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Old 03-19-2011
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Share your experience with Ontario sailing schools and CYA Basic Cruising course

Hello! I'm getting back to sailing after too many years away. I sailed at university for a while, 40 odd years ago, but haven't since. I figure it's now or never, so now it became. Got the boat; want to get the lessons to make me safe for myself and others on the water.

It's likely that I'll be sailing on a smallish lake in south-western Ontario, near London, Ontario. From looking at different school offerings, I think that the CYA Basic Cruising (BC) course (DAY SKIPPER SAIL) will benefit me most. I don't think the White Sail 1 - 3 would cut it. The BC course covers 'the skills required to cruise safely by day in local waters as either skipper or crew of a sailing cruiser of 20-30 feet, in moderate wind and sea conditions'. Sounds to me like a good foundation on which to build and gain experience. Even though I won't yet be sailing on open water, I'd have the foundation to go there following good experience on the lake.

My first stop was to look at the list of schools at OntarioSailing

There are intensive courses available that say they meet the CYA BC course requirement with a training period of four consecutive days and about 32 hours on water. Seems to me that that would be a better learning experience, which would be retained and carried over to practice with my own boat, than spreading it over several week-ends.

The typical cost for these BC courses seems to be about $600, which isn't too much more than what the local sailing club charges for its White Sail program!

There are several courses offered, all based on a keel boat, and knowing that a successful course depends so much on the instructor, as well as boat condition, I wondered if anyone had any feedback, best based on personal experience, about them?

The courses I'm considering are:
Adventure Sailing with a course in scenic Georgian Bay (in June - the earliest start date, and... it's done in one week! Clean water, and not inconvenient to get to for one trip - Penetanguishene)

Midland Bay Sailing School also on Georgian Bay (in July, two weekends)

Port Credit Yacht Club although this site bills itself as 'Mediterranean & Caribbean', the page link that brings one to this page says 'Port Credit Yacht Club'; on Lake Ontario (two consecutive weekends or long weekend intensive Friday thru Monday) Sadly, the website doesn't show course dates...

Bronte Harbour Yacht Club on Lake Ontario (in July, two weekends)

I'm thinking hard about the 'Adventure Sailing' course. It gives me a little time to get my boat sorted (new to me, lots to do), and doesn't cram all the spending (boat, gear, course) in too close a time.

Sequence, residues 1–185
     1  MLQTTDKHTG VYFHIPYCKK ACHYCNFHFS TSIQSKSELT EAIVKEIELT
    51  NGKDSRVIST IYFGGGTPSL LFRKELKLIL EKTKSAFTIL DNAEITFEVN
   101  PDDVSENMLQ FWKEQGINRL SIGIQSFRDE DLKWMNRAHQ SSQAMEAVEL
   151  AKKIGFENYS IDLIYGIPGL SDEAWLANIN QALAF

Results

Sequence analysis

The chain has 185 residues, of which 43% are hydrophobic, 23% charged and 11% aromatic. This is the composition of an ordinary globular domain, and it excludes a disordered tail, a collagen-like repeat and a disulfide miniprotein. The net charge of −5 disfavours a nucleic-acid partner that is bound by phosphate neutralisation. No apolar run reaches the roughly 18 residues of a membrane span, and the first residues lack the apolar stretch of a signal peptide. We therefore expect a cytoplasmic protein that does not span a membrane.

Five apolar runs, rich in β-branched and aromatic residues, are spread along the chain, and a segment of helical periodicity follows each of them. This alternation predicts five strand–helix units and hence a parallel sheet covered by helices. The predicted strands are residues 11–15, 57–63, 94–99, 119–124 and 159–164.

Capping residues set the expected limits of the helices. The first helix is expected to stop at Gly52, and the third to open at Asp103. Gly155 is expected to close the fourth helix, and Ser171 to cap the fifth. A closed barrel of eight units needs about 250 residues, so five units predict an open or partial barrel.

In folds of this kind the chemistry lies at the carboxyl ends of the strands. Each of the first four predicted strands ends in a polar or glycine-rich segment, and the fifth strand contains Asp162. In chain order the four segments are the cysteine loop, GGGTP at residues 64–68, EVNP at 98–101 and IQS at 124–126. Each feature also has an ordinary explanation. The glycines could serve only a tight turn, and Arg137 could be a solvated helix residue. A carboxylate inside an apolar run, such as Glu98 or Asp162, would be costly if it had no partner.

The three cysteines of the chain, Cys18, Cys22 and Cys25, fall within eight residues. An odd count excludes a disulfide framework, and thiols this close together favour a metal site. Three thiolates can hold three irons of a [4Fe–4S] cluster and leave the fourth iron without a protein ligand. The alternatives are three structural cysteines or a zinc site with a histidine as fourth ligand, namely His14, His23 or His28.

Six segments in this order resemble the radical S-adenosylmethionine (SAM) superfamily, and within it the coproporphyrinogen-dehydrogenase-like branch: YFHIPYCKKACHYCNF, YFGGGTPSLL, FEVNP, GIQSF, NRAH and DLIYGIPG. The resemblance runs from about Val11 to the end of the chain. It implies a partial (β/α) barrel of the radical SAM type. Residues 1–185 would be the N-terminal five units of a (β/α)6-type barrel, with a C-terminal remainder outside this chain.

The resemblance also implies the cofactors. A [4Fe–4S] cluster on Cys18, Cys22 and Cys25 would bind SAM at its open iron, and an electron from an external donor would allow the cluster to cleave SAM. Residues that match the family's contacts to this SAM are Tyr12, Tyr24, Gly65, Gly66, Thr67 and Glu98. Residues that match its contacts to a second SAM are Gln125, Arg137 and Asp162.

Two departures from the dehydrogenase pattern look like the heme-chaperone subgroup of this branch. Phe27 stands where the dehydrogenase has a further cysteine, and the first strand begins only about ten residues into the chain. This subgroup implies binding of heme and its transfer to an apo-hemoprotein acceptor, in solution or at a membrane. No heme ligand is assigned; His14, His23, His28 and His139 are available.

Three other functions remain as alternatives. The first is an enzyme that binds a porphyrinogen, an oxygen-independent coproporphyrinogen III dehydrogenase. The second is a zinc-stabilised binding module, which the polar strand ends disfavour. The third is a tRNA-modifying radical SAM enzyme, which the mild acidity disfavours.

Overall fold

So, does anyone have any feedback on these courses, especially the Adventure Sailing course? Please feel free to make any other suggestions, also.

Thank you in advance for your input, suggestions, comments and advice!


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Last edited by knotted; 03-19-2011 at 08:48 PM.
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Old 03-21-2011
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Change the question, get a reply... I hope!

Well, there have been quite a few views of the original question, but it would seem that there are few to no sailors on SailNet who have taken this or other courses in Ontario! I was hoping that at least one would have done so...

Perhaps these next questions might be easier to answer: what is the practical difference between CYA and ISPA courses? Is there any advantage one over the other? Is there any certification difference, i.e. does one certificate have benefits or advantages over the other? My ultimate ambition would be to obtain the Yachtmaster qualification, if I can get that far!

In view of this goal, and the fact that you finish in the stream in which you start, in which training stream (CYA or ISPA) would I be better advised to start my training?

I hope that this might bring some Canadian input and advice (thinking of jackdale, and others). I guess this is somewhat like the comparison between ASA and ISPA. Not so much to determine which is better, but which would suit me best


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"You start with an empty cup of experience and a full barrel of luck. The trick is to fill your cup before the barrel runs dry." - bljones
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Old 03-21-2011
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Quote:
Originally Posted by knotted View Post
Well, there have been quite a few views of the original question, but it would seem that there are few to no sailors on SailNet who have taken this or other courses in Ontario! I was hoping that at least one would have done so...

Perhaps these next questions might be easier to answer: what is the practical difference between CYA and ISPA courses? Is there any advantage one over the other? Is there any certification difference, i.e. does one certificate have benefits or advantages over the other? My ultimate ambition would be to obtain the Yachtmaster qualification, if I can get that far!

In view of this goal, and the fact that you finish in the stream in which you start, in which training stream (CYA or ISPA) would I be better advised to start my training?

I hope that this might bring some Canadian input and advice (thinking of jackdale, and others). I guess this is somewhat like the comparison between ASA and ISPA. Not so much to determine which is better, but which would suit me best
Differences between ISPA and CYA

1) CYA has written exams for each standard. ISPA uses assessments at the end of each module.

2) ISPA has practical assessments for each standard. CYA navigation standards can be met through the exams.

3) ISPA coastal nav follows day skipper. CYA coastal nav follows intermediate.

4) ISPA has manuals for all levels, except celestial. CYA has a Basic Cruising manual; instructors and school develop their materials and/or use other manuals / texts.

5) Both offer accepted PCOCs